5. Wonderful collection of tips and encouragements for authors.
    I always try to encourage potential authors, that they should not watch out for what they think is expected of them, but what they like. They should write it down, let it rest for half a year and take it up again. They normally are their worst critiques and best judges from a distant perspective then.
    Thank you very much for your tips!

    ReplyDelete
    Replies
    1. Writers are their own worse critics and everyone should be encouraged!

      No one expects a novice golfer to become a champ overnight, so I'm never sure why fanfic is always held up to such high standards. Everyone needs time to find their style and voice.

      Delete
  6. Cat lovely article.

    You raised some really good points cat. The part about a really good beta is esential. Even if you are secure in your spelling, grammer and plot an impartial reader picks up things you haven't thought of.

    I agree about the tough skin if you don't develop one you are going to be spending a lot of time hurt.

    Finally I spent a long time getting worried about the so called rules of fanfiction until one say I realised that I am an independent free thinking woman and don't have to follow somebody elses rules.

    ReplyDelete
    Replies
    1. Unfortunately, good beta's are really hard to come by and if you find a good one, stick with them!

      Well said about the rules!

      Also, did you know that Shakespeare broke every grammar rule going? It's true. So few people truly understand how and why these grammar/spelling rules came about, they just blindly follow that they learned in school and expect you to as well. In reality, there are so many exceptions to every single one of them.

      I think it's better to tell the story, then worry later about what you did right or wrong.

      Delete
    2. there's rulebreaking in the name of art and rulebreaking that occurs from ignorance. You can't do the former unless you know the rules. I'm sure you didn't to equate Shakespeare with people who can't write sentences.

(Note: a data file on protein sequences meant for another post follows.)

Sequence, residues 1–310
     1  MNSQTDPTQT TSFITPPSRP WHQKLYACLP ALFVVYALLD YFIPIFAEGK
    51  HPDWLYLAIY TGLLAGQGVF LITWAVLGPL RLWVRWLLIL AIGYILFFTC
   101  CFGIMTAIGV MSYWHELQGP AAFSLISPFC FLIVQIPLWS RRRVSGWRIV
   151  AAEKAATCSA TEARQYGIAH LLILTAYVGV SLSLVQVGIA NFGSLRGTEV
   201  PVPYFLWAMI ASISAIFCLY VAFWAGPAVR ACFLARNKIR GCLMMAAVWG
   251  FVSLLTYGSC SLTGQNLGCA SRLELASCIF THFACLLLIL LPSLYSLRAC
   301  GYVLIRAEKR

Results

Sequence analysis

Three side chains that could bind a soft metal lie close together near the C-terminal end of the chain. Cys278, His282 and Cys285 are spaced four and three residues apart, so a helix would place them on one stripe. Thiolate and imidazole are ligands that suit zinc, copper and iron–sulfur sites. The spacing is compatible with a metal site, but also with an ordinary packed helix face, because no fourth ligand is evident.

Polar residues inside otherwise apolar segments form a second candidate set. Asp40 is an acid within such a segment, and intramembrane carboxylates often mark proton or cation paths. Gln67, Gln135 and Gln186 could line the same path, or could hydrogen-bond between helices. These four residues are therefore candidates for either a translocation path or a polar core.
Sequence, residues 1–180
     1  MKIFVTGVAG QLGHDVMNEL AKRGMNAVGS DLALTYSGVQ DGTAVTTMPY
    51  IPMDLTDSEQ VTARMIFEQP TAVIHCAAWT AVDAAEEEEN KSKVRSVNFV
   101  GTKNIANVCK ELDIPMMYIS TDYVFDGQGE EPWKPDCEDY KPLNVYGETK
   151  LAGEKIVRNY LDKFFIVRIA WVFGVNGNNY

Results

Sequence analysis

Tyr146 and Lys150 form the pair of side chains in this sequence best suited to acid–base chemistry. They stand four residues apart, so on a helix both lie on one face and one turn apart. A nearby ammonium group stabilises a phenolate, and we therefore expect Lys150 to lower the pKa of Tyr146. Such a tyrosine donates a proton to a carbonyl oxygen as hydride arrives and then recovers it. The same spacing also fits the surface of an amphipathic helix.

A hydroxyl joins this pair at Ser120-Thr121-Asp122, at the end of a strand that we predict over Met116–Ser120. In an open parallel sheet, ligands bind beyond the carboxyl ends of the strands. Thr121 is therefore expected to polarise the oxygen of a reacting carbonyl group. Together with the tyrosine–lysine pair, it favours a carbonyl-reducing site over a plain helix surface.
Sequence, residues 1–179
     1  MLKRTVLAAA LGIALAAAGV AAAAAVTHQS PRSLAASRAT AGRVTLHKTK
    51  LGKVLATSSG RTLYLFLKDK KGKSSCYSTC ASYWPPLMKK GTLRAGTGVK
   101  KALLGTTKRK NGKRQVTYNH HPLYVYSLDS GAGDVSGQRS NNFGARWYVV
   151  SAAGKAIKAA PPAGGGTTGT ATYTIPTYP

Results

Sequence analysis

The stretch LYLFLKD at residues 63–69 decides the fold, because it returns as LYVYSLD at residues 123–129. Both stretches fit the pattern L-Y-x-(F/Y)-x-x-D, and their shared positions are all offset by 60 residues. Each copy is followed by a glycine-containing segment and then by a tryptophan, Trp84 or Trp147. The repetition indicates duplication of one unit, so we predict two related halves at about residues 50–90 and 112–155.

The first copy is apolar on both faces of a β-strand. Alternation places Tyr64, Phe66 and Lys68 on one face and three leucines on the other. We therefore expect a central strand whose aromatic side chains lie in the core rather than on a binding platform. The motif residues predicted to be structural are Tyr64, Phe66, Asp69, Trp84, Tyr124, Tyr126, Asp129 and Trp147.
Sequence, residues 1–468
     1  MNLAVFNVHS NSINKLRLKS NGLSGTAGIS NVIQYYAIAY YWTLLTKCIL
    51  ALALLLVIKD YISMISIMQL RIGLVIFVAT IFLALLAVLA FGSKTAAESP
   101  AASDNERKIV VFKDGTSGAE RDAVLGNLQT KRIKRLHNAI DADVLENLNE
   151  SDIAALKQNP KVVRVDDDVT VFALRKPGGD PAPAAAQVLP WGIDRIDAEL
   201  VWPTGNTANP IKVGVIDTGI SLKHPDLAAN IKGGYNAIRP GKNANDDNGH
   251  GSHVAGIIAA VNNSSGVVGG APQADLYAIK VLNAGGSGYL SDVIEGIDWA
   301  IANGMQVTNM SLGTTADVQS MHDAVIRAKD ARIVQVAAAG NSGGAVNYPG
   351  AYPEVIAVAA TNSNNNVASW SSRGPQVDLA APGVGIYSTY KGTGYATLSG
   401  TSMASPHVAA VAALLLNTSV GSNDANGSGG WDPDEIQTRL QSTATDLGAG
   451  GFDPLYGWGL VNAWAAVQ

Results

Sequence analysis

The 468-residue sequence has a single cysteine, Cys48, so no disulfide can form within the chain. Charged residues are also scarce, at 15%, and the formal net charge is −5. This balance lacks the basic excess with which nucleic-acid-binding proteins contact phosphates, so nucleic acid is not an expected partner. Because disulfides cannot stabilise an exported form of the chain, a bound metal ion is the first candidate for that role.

I've always had problems commenting here -- sometimes it takes five or six tries.

      Delete
    3. Well in Shakespeare's case, many of today's grammar rules hadn't been "invented" then. A lot of our so called grammar comes from the 18th and 19th century (which I guess is why Shakespeare gets a free pass) and mainly from intellectuals who wanted English to be more like Latin.

      Unfortunately, English is a mongrel of a language and can't be easily forced into boxes. 'I before E', 'ending sentences with prepositions' and 'less or fewer' are prime examples of so called "rules" that have so many exceptions, that they really should be scrapped (or taught in much more detail, but I'm not hopeful on that score).

      Delete
  7. A fantastic article Cat for any newbie fan fiction writers with some very helpful hints, not yet tempted to put daydreams to paper but maybe one day.

    ReplyDelete
    Replies
    1. We'll get you one day! *evil laugh*

      Delete
  8. Very helpful! I am not a writer, but I plan to share this with a couple of relatives. Am sure it will stimulate some interesting discussion. Nicely done.

    ReplyDelete
  9. Thanks for the encouragement, Cat!

    I'm not a writer either, but I'm working on it. I have some stories that have to get out, and I can't rest until they do. So the inspiration part I've got down. Mostly, I dropped the identity I had which said I would never be able to write. Most of my stuff still sounds like tripe, but it's improving as I write, and I'm not referring to the blog but stories I've been working on for the last year or so.

    ReplyDelete
    Replies
    1. Oh god! When I remember what my early stuff must have been like, I cringe! Thankfully I think they got lost somewhere on the information superhighway!

      Still, enough people enjoyed them to encourage me and that's the only way we improve. I'm not a natural born writer, but rather my overwhelming desire to tell stories has forced me to master it (though I still don't claim to be any great shakes).

      Just remember no matter how trite you think your stuff is, it cant possibly be as bad as my early stuff!

      Good luck with it :D

      Delete
  10. Great advice, Cat!
    Cheers! Grati ;->

    ReplyDelete
  11. I am a HUGE fan of your work, Cat. Not sure if I'll ever get into this type of writing (I'm more of a nonfiction writer at the moment). Please keep writing :)

    ReplyDelete